The first few days in a job can be intimidating and full-on, to say the least. There is learning the office etiquette, figuring out everyone’s role and let’s not forget all the name learning. And all of that is without doing any of the actual job you were hired for. But before you know it, days turn into weeks, weeks turn into months and months turn into years and you know exactly what you need to do and when. But often, when you reach that point, it can be easy to forget what it is like to be a new starter.
Whether a newly qualified ISTQB tester or a long-term CEO, it is always important to consider what it is like to start a firm and what will make people want to stay and work hard. Edward Basham is a software tester at WorkForce Software and is a total newbie to his role. After working as a teacher, Basham went into the world of IT and in deciding to become a tester, he gives his account and advise on what it’s like starting fresh in this area.
You know nothing
Less than a month ago, I started a full-time position as a software tester. I was excited to join, as I had been an enthusiast for a long time, attending testing talks and reading online literature. I would be joining an agile team within a global software company, completing QA of their updated product. I had a couple of weeks of previous experience but this would be my first real foray into the world of testing. One month on, I would like to let you in on what I’ve learned from my first few weeks on the job.
When I started, I had already taken a training course in testing at a previous employer and read countless articles online. Whilst these provided a useful background, I quickly found that they would only be the very beginning of my testing knowledge. I have spent the last few weeks attempting to absorb knowledge in the manner of a sponge absorbing liquid. In the last few weeks, I have been gaining knowledge of among other things: the product I am working on and its place in our broader suite of products, testing tools, working within an agile environment, company work practices and practical testing techniques.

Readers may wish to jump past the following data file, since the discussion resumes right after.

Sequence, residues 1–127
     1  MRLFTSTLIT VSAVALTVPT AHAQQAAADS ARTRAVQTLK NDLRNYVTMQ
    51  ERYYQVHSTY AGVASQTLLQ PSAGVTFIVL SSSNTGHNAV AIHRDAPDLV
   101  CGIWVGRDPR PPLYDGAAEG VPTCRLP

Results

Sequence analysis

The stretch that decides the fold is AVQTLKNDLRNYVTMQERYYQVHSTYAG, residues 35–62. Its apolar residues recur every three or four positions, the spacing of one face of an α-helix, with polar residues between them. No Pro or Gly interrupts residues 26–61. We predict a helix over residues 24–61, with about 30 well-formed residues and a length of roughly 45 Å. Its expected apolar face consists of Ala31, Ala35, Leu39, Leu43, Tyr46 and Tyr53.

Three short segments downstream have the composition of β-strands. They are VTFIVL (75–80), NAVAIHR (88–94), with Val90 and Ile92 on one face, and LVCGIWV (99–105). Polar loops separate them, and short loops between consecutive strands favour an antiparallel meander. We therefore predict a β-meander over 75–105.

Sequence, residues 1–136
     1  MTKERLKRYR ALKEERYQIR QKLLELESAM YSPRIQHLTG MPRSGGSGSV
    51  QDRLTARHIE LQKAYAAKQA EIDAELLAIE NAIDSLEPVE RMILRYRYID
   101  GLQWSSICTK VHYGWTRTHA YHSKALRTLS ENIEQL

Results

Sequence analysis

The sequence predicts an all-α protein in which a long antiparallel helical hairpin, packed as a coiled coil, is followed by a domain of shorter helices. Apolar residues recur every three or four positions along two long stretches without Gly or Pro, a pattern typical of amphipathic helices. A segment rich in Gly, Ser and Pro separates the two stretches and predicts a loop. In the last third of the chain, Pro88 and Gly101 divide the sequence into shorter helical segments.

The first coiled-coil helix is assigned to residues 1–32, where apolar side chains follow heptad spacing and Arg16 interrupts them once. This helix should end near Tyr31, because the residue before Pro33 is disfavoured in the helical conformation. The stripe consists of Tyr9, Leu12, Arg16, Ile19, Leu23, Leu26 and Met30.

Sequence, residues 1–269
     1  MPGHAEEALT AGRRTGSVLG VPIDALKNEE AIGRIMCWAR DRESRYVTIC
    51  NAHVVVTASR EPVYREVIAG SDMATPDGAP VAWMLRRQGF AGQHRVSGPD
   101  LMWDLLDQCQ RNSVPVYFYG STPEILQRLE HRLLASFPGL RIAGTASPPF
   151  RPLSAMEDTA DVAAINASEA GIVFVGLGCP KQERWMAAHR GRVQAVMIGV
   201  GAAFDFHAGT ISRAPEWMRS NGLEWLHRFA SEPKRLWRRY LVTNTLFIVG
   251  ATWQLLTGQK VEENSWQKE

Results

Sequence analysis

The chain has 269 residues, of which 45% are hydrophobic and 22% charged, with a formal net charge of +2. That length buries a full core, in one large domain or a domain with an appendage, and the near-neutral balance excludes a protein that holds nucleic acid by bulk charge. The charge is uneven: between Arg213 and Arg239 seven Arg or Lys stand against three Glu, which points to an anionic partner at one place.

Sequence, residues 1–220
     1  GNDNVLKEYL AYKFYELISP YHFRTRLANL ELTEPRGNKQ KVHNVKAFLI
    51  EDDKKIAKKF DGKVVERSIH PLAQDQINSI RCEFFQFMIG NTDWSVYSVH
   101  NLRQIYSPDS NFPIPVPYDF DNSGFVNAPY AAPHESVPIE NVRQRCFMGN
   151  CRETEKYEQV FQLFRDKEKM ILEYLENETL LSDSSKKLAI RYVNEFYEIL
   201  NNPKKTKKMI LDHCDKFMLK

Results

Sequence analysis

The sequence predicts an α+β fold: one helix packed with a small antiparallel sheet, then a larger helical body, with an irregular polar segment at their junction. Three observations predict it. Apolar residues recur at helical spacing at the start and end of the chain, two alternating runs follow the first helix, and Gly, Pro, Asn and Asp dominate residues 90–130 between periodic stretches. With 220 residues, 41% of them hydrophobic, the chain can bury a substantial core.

Ask a ridiculously large number of questions
As soon as I got through the door, various questions starting forming in my mind. During my induction session, more trickled in. As the days progressed I found more and more started coming. Everything from the mundane ‘what is this?’ type through to the fiendishly complex ‘why is the system behaving like this?’ type. This has continued unabated for the last few weeks. ‘Why are we doing things this way?’ ‘How does this software work?’ ‘What am I looking at?’ ‘Is this a bug?’ The list goes on. I’m naturally eternally grateful for my colleagues’ patience, though especially my mentor who has borne the brunt of my incessant thirst for every scrap of information I can acquire. Anyone coming into the trade should remember however, that information gathering is –initially at least – their core role. The more you can up-knowledge and upskill, the more valuable you are to your team and company.
Get stuck in
You can read around the topic, ask hundreds of questions and even get professional qualifications, though at the end of the day, at some point or other you will need to get your hands dirty. Personally I knew I wanted to get moving as soon as possible when I started. I’d heard and read so much, and I didn’t feel I would truly be a tester until I started practically completing practical work. About 2-3 weeks into my new position, with the direction of my mentor, I started writing and executing feature tests. This was very satisfying as not only was I now proving my mettle as a tester, I was also learning an enormous amount as I went. Since starting, I have learned among other things: how to communicate my ideas to other testers, how to write up test documentation, how to write bug reports and a lot about the technology and domain I am working in. I’d have never gained this much otherwise, no matter how many meetings I attended or online articles I read.
One of the things I have found since joining my company is that I will often be asked to expand upon my viewpoints or provide an opinion on some matter or other. ‘How long will this work take?’ ‘What testing will need to be completed on this feature?’ ‘What do we need to do in terms of regression?’ At first, I was rather taken aback that I was being asked to give my ideas into these since I obviously knew far less than my more experienced colleagues. Through these experiences though, I have learned the importance of elucidating and explaining your views as you see them, even if they’re naïve in some way. Similarly, I’ve discovered the importance of pushing to get an answer to a difficult question. As a tester, your worth lies in your advocacy for the customer, and more broadly to the pursuit of software quality. Defending your views is one of the most important things you can do in this field.
Have a laugh
Finally, there comes a time when you have to put work aside and enjoy the atmosphere. Indeed, one of my companies’ core values is ‘celebrate our success’. Our culture is ‘work hard, play hard’ in style and there is always lots of laughter, as well as board games and table football at lunch!
Written by Edward Basham, software tester at WorkForce Software.